Finally, “God’s Grief Counselor” also comes to you through your brothers and sister in Christ, through their kindness and compassion, help and comfort.  As Paul says: “Bear one another’s burdens, and in this way you will fulfill the law of Christ.”  And God actually wants to work through YOU to be his grief counselor in the flesh for others who are hurting.  As Paul says: “Praise be to the God and Father of our Lord Jesus Christ, the Father of compassion and the God of all comfort, who comforts us in all our troubles, so that we can comfort those in any trouble with the comfort we ourselves have received from God”; “Therefore comfort each other and build one another up, as in fact you are already doing”; “Be kind and compassionate to one another.”

“Because I have said these things, you are filled with grief.”  As they gathered for the Last Supper, Jesus’ disciples were grieving for many reasons.  They were grieving because their dearest friend has just told them he is going to suffer and die.  They were grieving because all their hopes and dreams and plans were coming crashing down around them.  In the same way as we gather here for the Lord’s Supper, there are many of us today who, for one reason or another, are grieving.

“But I tell you the truth: It is for your good that I am going away. Unless I go away, the Counselor will not come to you; but if I go, I will send him to you.”  Just as Jesus promises the disciples, he also sends to US “God’s Grief Counselor,” the Holy Spirit, to comfort us, and give us joy and peace, even in the midst of our grief.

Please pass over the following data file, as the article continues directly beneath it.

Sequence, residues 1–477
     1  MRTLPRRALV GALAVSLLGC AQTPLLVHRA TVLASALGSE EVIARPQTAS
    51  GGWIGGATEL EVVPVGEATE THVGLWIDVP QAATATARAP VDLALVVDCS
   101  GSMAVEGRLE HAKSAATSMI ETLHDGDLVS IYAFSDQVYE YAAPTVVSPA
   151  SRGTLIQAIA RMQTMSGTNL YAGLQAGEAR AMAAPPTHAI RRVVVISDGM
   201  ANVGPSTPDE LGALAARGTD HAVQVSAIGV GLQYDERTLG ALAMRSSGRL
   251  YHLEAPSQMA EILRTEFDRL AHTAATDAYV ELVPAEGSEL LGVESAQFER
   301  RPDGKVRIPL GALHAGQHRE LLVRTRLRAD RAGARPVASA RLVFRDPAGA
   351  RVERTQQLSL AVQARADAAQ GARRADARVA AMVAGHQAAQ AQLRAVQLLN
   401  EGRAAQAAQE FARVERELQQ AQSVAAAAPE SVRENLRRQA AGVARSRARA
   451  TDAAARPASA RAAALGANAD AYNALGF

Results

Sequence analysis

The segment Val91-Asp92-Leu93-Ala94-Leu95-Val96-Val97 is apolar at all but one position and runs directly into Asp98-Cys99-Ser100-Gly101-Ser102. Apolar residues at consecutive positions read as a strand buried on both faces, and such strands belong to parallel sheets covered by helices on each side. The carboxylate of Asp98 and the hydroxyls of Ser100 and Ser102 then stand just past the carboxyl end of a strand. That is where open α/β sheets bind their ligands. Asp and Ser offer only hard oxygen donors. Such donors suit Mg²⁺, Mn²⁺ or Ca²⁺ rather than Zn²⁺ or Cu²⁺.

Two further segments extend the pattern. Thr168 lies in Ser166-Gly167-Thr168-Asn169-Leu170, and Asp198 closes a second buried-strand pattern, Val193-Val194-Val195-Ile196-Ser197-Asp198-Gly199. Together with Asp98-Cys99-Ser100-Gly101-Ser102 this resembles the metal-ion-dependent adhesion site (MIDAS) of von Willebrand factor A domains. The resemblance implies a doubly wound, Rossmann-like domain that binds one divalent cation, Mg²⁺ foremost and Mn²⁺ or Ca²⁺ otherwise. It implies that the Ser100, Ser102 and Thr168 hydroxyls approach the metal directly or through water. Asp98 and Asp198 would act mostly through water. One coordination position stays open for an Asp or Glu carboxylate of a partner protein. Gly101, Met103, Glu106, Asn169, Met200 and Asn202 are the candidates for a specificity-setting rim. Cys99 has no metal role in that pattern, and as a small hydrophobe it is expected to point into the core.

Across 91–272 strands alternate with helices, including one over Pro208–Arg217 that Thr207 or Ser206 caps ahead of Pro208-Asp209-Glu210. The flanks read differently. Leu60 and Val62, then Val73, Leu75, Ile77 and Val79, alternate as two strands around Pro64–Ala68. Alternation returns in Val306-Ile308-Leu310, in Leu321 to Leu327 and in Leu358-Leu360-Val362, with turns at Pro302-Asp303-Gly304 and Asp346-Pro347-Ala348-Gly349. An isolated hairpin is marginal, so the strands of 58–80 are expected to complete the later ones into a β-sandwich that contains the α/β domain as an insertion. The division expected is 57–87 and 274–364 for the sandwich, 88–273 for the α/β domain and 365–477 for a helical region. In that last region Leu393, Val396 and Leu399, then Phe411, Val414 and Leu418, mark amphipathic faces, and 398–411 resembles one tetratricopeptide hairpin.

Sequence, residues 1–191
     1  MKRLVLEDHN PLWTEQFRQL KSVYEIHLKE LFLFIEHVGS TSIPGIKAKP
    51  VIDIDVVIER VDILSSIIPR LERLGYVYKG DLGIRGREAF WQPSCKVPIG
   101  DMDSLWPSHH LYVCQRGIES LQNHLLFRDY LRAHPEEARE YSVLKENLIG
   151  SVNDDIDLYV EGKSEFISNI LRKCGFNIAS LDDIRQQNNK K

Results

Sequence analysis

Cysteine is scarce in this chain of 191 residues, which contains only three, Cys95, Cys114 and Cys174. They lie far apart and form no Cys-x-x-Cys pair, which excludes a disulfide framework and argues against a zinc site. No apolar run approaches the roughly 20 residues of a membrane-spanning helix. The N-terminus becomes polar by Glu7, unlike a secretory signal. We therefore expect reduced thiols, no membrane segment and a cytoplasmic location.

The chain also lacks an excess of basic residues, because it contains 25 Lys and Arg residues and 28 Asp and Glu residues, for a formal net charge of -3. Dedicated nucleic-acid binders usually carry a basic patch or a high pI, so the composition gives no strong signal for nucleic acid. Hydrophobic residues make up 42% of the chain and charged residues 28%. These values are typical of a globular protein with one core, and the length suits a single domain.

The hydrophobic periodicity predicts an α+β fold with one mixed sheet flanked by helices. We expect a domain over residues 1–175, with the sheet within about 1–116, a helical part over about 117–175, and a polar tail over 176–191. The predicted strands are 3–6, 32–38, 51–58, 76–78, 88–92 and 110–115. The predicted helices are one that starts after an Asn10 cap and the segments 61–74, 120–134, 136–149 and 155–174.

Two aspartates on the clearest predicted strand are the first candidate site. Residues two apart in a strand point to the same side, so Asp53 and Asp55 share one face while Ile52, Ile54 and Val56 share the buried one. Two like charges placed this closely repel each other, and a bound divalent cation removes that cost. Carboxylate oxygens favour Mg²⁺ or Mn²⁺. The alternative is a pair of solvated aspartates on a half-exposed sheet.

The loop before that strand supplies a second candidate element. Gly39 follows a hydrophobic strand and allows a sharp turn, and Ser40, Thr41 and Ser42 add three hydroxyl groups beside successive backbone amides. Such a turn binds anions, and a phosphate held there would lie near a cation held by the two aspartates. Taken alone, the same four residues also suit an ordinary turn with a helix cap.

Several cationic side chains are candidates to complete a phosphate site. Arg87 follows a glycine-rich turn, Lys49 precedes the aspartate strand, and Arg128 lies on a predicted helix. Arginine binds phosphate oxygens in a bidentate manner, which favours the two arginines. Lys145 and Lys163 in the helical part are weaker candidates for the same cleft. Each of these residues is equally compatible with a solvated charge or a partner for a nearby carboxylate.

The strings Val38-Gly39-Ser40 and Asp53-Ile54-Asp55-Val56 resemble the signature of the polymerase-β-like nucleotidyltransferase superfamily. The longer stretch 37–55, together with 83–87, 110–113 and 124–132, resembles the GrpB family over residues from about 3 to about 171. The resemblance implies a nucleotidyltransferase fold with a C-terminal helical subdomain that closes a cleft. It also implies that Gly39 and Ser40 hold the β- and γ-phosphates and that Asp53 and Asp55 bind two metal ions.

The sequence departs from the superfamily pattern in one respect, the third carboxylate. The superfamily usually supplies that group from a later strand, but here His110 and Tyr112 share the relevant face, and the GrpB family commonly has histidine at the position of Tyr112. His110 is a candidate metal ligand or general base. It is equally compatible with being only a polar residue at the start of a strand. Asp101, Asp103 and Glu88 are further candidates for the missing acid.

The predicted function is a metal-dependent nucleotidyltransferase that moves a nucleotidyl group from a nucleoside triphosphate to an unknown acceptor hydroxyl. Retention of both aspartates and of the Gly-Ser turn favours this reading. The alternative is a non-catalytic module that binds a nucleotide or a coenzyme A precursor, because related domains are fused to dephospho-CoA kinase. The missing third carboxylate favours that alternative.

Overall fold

“God’s Grief Counselor” comes to you in the Word of God:  “If God is for us, who can be against us? . . .  And we know that God works all things together for the good of those who love him.”

“God’s Grief Counselor” comes to you in the Sacrament of Holy Baptism: “You were washed, you were sanctified, you were justified in the name of the Lord Jesus Christ and by the Spirit of our God.”

“God’s Grief Counselor” comes to you in the Sacrament of Holy Communion: “The cup of blessing which we bless, is it not the communion of the blood of Christ? The bread which we break, is it not the communion of the body of Christ? . . .  For as often as you eat this bread and drink the cup, you proclaim the Lord’s death until he comes.”

“God’s Grief Counselor” comes to you in Holy Absolution: “In the stead and by the command of my Lord Jesus Christ I forgive you all your sins.”

“God’s Grief Counselor” comes to you through the kindness and compassion and help and comfort of your brothers and sisters in Christ.  And God wants to work through YOU to be his grief counselor for others who are hurting: “Bear one another’s burdens . . .  Be kind and compassionate to one another.”

“Because I have said these things, you are filled with grief.  But I tell you the truth: It is for your good that I am going away. Unless I go away, the Counselor will not come to you; but if I go, I will send him to you.”

The Holy Spirit: “God’s Grief Counselor”—for YOU.

Amen.

  Return to Top | Return to Sermons | Home | Email Pastor Vogts